and turning out from the anchorage ground, Grasse
threw out a signal for the ships severally to form the line
as they could come up, without regarding particular fta-
tions. The British fleet amounted to nineteen ships of
the line, and one or more of 50 guns. Through va-
rious delays the action did not commence till four o'clock,
and then was partial, only the van and a part of the
British centre being able to come near enough to en-
gage with effect. De Grasse did not aim so much at a
close engagement, as at keeping possession of the Chesa-
peak, and saving his ships for that and all its correspon-
dent purposes. The absence of 1800 of his seamen,
and go officers, employed in conveying Simons's
troops up James river, confirmed him in his avoidance
of a hazardous action. Drake with the rear division,
in consequence of the last tack, becoming the van of


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the British fleet, treated the French van so roughly, that 1781. they bore away, while de Grasse with the centre edged up

in order to cover their retreat. The weight of the action fell principally upon the British van, the centre coming in for a more moderate share, and seven sail never being able to get within a proper gun-shot distance of the French: from these circumstances Drake's division suffered severely. The engagement ended about fun-set. The slain on board the British amounted to 90, and the wounded to 230. The Shrewsbury and Intrepid bore more than a proportionable share of this lofs. Capt. Robinson of the former loft a leg, and capt. Molloy of the latter gained great honor, by the gallantry with which he fuccoured and covered the Shrewsbury, when overborne and surrounded by the French. According to the French accounts, no more than 15 ships on each side were engaged. Admiral Graves used all measures to keep up the line during the night, with the design of renewing the action in the morning. But he discovered that several ships of the van, and the Montague of the centre, had suffered so much in their mafts, that they were in no condition for renewing the action, till the same were secured. The Terrible was so leaky as to keep all her pumps going, and the Ajax was in little better condition. The hostile fleets continued for five successive days, partly repairing their damages, and partly manoeuvring in sight of each other; and at times were very near. The British were so mutilated, that they had not speed enough to attack the French; and these showed no inclination to renew the action, though they had it often in their power, as they generally maintained the wind of Graves. De Grasse fearing left by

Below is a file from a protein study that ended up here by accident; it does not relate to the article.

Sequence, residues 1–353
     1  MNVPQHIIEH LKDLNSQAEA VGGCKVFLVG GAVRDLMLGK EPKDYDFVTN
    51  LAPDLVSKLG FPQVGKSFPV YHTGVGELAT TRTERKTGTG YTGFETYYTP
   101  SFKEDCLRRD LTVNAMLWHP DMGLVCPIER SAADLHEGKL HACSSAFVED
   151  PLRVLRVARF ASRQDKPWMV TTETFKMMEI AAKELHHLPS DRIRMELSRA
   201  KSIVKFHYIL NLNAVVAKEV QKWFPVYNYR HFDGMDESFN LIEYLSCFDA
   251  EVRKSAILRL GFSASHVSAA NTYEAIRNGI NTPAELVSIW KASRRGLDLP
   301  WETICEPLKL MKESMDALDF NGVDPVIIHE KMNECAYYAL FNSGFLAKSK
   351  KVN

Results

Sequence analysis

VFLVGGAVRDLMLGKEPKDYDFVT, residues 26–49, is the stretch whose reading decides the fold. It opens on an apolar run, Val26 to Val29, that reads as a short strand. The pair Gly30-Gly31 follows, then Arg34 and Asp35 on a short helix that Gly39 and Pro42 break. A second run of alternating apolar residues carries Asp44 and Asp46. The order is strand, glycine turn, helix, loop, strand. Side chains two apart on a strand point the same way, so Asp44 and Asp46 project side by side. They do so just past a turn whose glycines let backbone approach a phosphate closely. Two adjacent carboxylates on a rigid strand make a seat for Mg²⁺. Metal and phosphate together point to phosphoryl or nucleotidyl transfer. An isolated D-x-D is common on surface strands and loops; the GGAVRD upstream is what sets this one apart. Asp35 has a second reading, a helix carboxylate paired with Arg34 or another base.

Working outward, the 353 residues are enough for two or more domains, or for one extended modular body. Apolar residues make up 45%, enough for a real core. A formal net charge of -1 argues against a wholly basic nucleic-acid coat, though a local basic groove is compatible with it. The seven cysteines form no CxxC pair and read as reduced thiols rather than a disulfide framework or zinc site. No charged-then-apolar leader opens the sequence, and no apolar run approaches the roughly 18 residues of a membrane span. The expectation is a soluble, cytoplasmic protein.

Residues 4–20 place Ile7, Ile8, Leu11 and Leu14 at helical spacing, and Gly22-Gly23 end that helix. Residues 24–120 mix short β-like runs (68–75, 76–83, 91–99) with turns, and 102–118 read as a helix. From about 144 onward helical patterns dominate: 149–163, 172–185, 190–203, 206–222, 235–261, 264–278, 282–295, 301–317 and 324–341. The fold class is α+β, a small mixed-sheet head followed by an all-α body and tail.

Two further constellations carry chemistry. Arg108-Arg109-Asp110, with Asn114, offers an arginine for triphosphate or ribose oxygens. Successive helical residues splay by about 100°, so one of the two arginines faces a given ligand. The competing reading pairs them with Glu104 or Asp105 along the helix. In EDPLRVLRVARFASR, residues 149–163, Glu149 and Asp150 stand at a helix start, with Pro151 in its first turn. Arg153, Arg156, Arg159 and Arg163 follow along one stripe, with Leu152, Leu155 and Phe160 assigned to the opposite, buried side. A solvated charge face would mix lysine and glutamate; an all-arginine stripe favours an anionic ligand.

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1781. fome favorable change of it, the British should get beSept.

fore him to the Chesapeak, returned thither on the roth, The Richmond and Iris, of 32 guns each, which had been sent to cut away the buoys of the French anchors, fell into his hands. His putting to sea, and continuing there after fighting the British, was probably the saving of de Barras ; for during de Grasse's absence *, the other arrived in the bay with eight French line of battle fhips, beside frigates, transports and victuallers, bringing with him the artillery and stores indispensably necessary for the siege of York Town. The American officers were in great pain about him, when they heard of Graves's having put to fea, lest he should fall in with the latter, be over-powered, and thereby all their hopes of capturing lord Cornwallis be disappointed. De Barras had taken a wide circuitous course to avoid being intercepted; but that very precaution might have proved his ruin, had not de Grasse left the Chesapeak on the 5th, and engaged and maneuvred with Graves. In the mean time, a fresh gale and a head sea so increased the damage and danger of the Terrible, that it was found necessary to evacuate and then burn her. This was done on the 11th, and about nine at night, Graves bore up for the Chesapeak; but upon information’s being brought him, that the French fleet were all anchored within the Cape, so as to block the passage, it was determined by a council of war, to return to New York, where the fleet arrived the 20th of September.

* See count de Grasse’s letter to the chevalier de Luzerne, Sept. 13, and the Baltimore News-paper of Sept. 18, 1781.